Wedding Band: A Love/Hate Story in Black and White is a powerful drama of black-white relations in 1918 South Carolina, soulfully directed by Cecile Keenan at the Artistic Home. The 1966 play, written by Alice Childress, a prolific if little-known African-American playwright, has passion and relevance for a modern audience.
A quartet of talented actresses creates the atmosphere in which the tale unfolds. Fannie (Susan Anderson), a woman of substance and property, believes she’s “representin’ her race in a approved manner.” She owns the house in which the other three women live: Single-mother Mattie (Myesha-Tiara) lives with her daughter Teeta (Maya Hooks); Julia (Raina Lynn), a town girl who has come to live in the country; and Lula (Lisa McConnell), a religious woman who takes every opportunity to launch into a hymn or kneel in prayer.
Lula’s son, Nelson (Kevin Patterson) is a soldier home on leave, looking for a little fun. By the end of the play, he shines his boots and dons his full uniform to go back into battle, just a few months before the armistice of November 2018.
Mattie receives a letter from her common law husband, who is on board a Merchant Marine ship. Eager to hear what he says, Mattie asks Julia, who went to school until 8th grade, to read it to her.
The central story revolves around Julia’s 10-year relationship with a German baker named Herman (Scott Westerman). (They could not marry because of laws against interracial marriage, which only ended with the Loving vs. Virginia decision in 1967.) Both Germans and African-Americans were subject to abuse and discrimination in 1918, of course, but the idea of a white man “keeping company” with a black woman rouses the considerable ire of the community—and especially of Herman’s mother, played forcefully by Donna McGough. When Herman comes down with influenza while visiting Julia, the family tension comes to a head. Herman’s sister, Annabelle (Laura Coleman), tries to intercede and mollify her mother, to no avail.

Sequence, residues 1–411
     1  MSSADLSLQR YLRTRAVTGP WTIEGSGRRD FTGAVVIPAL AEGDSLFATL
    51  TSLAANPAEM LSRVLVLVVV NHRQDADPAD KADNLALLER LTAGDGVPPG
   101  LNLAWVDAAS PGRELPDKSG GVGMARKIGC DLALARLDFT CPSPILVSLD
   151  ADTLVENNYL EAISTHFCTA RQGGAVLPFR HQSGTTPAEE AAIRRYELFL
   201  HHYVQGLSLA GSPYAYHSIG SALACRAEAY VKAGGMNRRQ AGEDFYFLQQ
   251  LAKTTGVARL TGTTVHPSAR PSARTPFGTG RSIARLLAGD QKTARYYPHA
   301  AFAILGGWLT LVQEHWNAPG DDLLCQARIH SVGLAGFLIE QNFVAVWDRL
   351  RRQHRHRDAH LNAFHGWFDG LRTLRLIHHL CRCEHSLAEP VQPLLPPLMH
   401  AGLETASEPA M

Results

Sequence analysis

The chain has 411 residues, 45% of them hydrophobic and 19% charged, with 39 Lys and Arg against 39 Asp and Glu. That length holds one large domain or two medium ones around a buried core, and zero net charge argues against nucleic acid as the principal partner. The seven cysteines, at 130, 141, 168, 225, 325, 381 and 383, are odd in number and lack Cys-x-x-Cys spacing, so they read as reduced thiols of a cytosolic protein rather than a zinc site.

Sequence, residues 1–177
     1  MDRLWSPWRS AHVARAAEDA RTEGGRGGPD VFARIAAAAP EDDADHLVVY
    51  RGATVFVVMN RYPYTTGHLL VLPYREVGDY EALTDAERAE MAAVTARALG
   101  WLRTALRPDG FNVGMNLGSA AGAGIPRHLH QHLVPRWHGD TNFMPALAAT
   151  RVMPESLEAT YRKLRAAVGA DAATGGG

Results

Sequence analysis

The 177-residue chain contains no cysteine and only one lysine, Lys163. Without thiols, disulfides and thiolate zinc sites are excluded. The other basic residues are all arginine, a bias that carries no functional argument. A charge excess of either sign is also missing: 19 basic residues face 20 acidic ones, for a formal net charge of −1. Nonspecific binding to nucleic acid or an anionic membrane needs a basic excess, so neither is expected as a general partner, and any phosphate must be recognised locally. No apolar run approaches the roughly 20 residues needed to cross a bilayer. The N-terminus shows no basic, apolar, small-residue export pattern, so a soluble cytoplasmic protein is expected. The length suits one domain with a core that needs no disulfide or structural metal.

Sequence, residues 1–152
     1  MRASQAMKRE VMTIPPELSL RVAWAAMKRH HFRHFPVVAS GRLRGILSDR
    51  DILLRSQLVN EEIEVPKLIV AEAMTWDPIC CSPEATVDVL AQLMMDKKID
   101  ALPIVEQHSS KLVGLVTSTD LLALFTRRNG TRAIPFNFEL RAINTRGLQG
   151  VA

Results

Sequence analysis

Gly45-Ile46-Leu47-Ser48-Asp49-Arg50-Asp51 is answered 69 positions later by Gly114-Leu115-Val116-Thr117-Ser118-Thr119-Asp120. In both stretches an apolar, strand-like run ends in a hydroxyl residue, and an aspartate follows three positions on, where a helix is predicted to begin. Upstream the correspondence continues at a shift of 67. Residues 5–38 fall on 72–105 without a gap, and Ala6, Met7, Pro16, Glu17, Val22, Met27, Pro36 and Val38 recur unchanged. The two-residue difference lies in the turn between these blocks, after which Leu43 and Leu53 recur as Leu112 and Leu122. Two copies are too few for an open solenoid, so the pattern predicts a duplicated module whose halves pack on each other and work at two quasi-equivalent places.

The women hold kerchiefs over their faces while they are around the ailing Herman. People were terrified of the flu in 1918; it was highly contagious and became an influenza pandemic that killed millions of people around the world.
Keenan’s direction and a solid cast result in a strong ensemble production. Kevin Rolfs’ scenic design creates a weather-beaten wooden frame for the house where the four women live. Costumes are designed by Zach Wagner.
Alice Childress was an accomplished actor in off-Broadway plays before beginning her writing career. Her work includes ten plays and five novels. Her 1952 play, Gold Through the Trees, was the first play with Equity actors produced by a black woman. She was also one of the first black women to direct an off-Broadway play. One of her young adult novels, A Hero Ain’t Nothin’ But a Sandwich, also became a 1978 feature film of the same title. Her 1979 novel, A Short Walk, was nominated for a Pulitzer Prize. After premiering at the University of Michigan in 1966, Wedding Band was staged in Chicago in 1972 for a six-week run at the Ivanhoe Theater. After that, the play opened in New York at the Public Theater with Ruby Dee and James Broderick starring as Julia and Herman.
Wedding Band: A Love/Hate Story in Black and White runs 2.5 hours with one intermission. See it through December 17 at the Artistic Home, 1376 W. Grand Ave. Performances are Thursday-Sunday. Buy tickets for $28-32 online or by calling 866-811-4111.